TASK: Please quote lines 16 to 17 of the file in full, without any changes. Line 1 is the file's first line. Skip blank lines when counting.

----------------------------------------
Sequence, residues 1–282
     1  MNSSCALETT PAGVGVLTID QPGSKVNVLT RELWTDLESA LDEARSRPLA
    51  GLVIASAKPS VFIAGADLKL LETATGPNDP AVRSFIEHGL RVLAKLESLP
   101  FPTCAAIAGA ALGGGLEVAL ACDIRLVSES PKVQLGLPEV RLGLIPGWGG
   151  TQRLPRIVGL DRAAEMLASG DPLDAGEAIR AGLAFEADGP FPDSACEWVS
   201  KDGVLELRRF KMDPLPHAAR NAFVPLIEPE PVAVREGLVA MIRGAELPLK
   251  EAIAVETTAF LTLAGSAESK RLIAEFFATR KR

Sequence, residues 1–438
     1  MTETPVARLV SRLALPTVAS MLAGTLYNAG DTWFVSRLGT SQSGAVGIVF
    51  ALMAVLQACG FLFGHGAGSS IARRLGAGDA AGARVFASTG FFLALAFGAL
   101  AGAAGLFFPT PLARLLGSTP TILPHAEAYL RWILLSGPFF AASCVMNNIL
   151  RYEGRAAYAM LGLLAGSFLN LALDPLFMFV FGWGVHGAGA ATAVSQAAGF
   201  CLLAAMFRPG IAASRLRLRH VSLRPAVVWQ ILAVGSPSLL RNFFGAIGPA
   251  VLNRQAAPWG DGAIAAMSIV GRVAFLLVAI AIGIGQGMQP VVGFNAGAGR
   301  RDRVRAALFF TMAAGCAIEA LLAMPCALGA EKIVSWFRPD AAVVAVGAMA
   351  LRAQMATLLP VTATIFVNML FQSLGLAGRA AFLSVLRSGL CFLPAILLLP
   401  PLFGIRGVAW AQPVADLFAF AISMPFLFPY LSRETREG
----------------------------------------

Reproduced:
   351  LRAQMATLLP VTATIFVNML FQSLGLAGRA AFLSVLRSGL CFLPAILLLP
   401  PLFGIRGVAW AQPVADLFAF AISMPFLFPY LSRETREG